This Week in New York Insider's Guide to Arts & Culture in New York City Since 2001


Brooklyn Museum
200 Eastern Parkway at Washington St.
Saturday, November 1, free, 5:00 - 11:00

For its November edition of its free First Saturdays program, the Brooklyn Museum is looking at its home borough. Crossing Brooklyn will feature live performances by the PitchBlak Brass Band, Meridian Lights, John Robinson & PVD, and Norte Maar; a screening of the UnionDocs collaborative web documentary the Living Los Sures about the south side of Williamsburg; a book reading and talk by Bridgett M. Davis, author of Into the Go-Slow; a collage workshop; and a talk by assistant curator of contemporary art Rujeko Hockley on the exhibition “Crossing Brooklyn: Art from Bushwick, Bed-Stuy, and Beyond.” In addition, you can check out such other exhibitions as “Judith Scott — Bound and Unbound,” “Revolution! Works from the Black Arts Movement,” “Killer Heels: The Art of the High-Heeled Shoe,” and “Judy Chicago’s Feminist Pedagogy and Alternative Spaces.”



JUBILEE, starring Jordan as Amyl Nitrite, kicks off Derek Jarman festival at BAM

JUBILEE (Derek Jarman, 1978)
BAMcinématek, BAM Rose Cinemas
30 Lafayette Ave. between Ashland Pl. & St. Felix St.
Thursday, October 30, 7:00 & 9:30
Series runs October 30 - November 11

Back in May, we ventured out to BAM to see Derek Jarman’s cult classic, Jubilee, as part of the BAMcinématek series “Punk Girls.” We attended along with two friends, a British couple who were supposed to be in the movie but who somehow didn’t make it to the set for their scene. After seeing the 1978 film, they couldn’t have been happier that they weren’t part of this unwatchable disaster. The plot involves Queen Elizabeth I being sent into the future, into a postapocalyptic 1970s London; the cast includes Jenny Runacre as Bod and the queen, Nell Campbell as Crabs, the one-named Jordan as Amyl Nitrate, singer Toyah Willcox as Mad, theater star Ian Charleson as Angel, French chanteuse Hermine Demoriane as Chaos, Rocky Horror creator Richard O’Brien as John Dee, and Adam Ant as Kid, with a soundtrack by Brian Eno. (Be on the lookout for Siouxsie Sioux as well.) While some adore and treasure the film, others find it dubious at best and an embarrassing mess at worst. In a 2002 letter to Derek published in the Guardian, Jarman regular Tilda Swinton wrote, “It’s as cheeky a bit of inspired old ham punk spunk nonsense as ever grew out of your brain and that’s saying something: what a buzz it gives me to look at it now. And what a joke: there’s nothing an eighth as mad bad and downright spiritualized being made down here these days this side of Beat Takeshi,” a very different take from Vivienne Westwood, who designed a T-shirt back when the film was released that served as an open letter to Jarman, arguing, “I had been to see it once and thought it the most boring and therefore disgusting film I had ever seen. I went to see it again for after all, hadn’t you pointed your nose in the right direction? . . . I am not interested in however interestingly you say nothing. . . . You pointed your nose in the right direction then you wanked.” Jubilee, made in honor of Queen Elizabeth II’s silver jubilee year, is one of those films you have to see to believe, but we’re not about to recommend that you actually subject yourself to this inexplicable madness.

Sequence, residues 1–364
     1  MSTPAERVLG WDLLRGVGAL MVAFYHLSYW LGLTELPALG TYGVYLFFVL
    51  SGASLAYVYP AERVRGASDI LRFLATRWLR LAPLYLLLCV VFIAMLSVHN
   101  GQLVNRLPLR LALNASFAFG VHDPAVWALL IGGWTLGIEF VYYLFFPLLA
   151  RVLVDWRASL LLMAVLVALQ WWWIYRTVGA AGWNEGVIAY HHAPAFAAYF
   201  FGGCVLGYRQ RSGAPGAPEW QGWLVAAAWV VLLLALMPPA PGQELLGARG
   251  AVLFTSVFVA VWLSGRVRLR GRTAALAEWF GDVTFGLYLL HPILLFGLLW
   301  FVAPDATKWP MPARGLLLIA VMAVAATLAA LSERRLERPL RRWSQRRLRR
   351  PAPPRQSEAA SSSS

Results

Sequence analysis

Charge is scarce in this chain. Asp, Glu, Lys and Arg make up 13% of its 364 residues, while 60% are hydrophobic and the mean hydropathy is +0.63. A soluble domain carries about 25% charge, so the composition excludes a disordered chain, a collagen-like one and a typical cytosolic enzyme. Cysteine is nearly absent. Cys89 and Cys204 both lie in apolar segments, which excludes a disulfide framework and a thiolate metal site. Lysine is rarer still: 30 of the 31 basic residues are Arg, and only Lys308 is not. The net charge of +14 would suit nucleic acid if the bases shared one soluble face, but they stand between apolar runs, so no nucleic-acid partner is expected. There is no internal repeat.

THE LAST OF ENGLAND is part of BAM tribute to Derek Jarman

THE LAST OF ENGLAND is part of BAM tribute to Derek Jarman

What’s more important is that Jubilee is kicking off the BAMcinématek series “Queer Pagan Punk: The Films of Derek Jarman,” comprising sixteen programs of shorts, music videos, and features he either directed or participated in another way; the series is part of the Jarman2014 celebration of the twentieth anniversary of his death. Among the films being shown, from October 30 to November 11, are Blue, Caravaggio, Sebastiane, Wittgenstein, War Requiem, The Garden, The Tempest, Edward II, The Devils, and The Last of England. In many ways, Jarman, also a painter and activist who died in 1994 at the age of fifty-four from an AIDS-related illness, was the British version of Andy Warhol, working with a Factory-like ensemble of actors, singers, and hangers-on while exploring life on the edge in his own inimitable style. During his career, he worked with Laurence Olivier and Marianne Faithfull, the Pet Shop Boys and Ken Russell, Tilda Swinton and Adam and the Ants, Judi Dench and the Sex Pistols, and many others — some from various artistic disciplines and some just picked up off the street, lending his films an appealing, experimental DIY quality. Just don’t start your exploration of his oeuvre with Jubilee.


It'll be party time Friday night at the forty-first annual Village Halloween Parade

It’ll be party time Friday night at the forty-first annual Village Halloween Parade

Friday, October 31, 7:00 - 11:00
Sixth Ave. South & Spring St. to 16th St.
Admission/participation: free, but donations accepted

With the growing popularity of the Mermaid Parade and the Gay Pride March, the Village Halloween Parade might have lost its unique stature, but there’s still nothing quite like this annual tradition. The theme of the forty-first annual event is the Garden of Earthly Delights, so an endless pageantry of pleasure should be on display as hundreds of puppets, more than fifty music and dance groups, and just plain folk dress up and make their way from Sixth Ave. and Spring St. to Sixteenth St., led by Grand Marshal Whoopi Goldberg. As artistic and producing director Jeanne Fleming and master puppeteer Alex Kahn explain, “Although one often associates Halloween with things Infernal, this year’s Halloween Parade is headed to Paradise, or more specifically the Garden of Earthly Delights. Join us as we unearth the layers of Hieronymus Bosch’s timeless altarpiece, exploring the precarious borderland Garden between the primeval terrors of wilderness and the modern confines of civility. . . . It is a place of infinite possibilities and permutations contained within a finite and intimate space. Gardens are also places of forbidden delights and forgotten joys hidden away behind ivied walls and locked gates.” All costumed souls are invited to participate in the parade; just follow the very specific instructions here. And be on the lookout for the raising of the giant puppets, a treat not unlike the blowing-up of the balloons for the Thanksgiving Day Parade.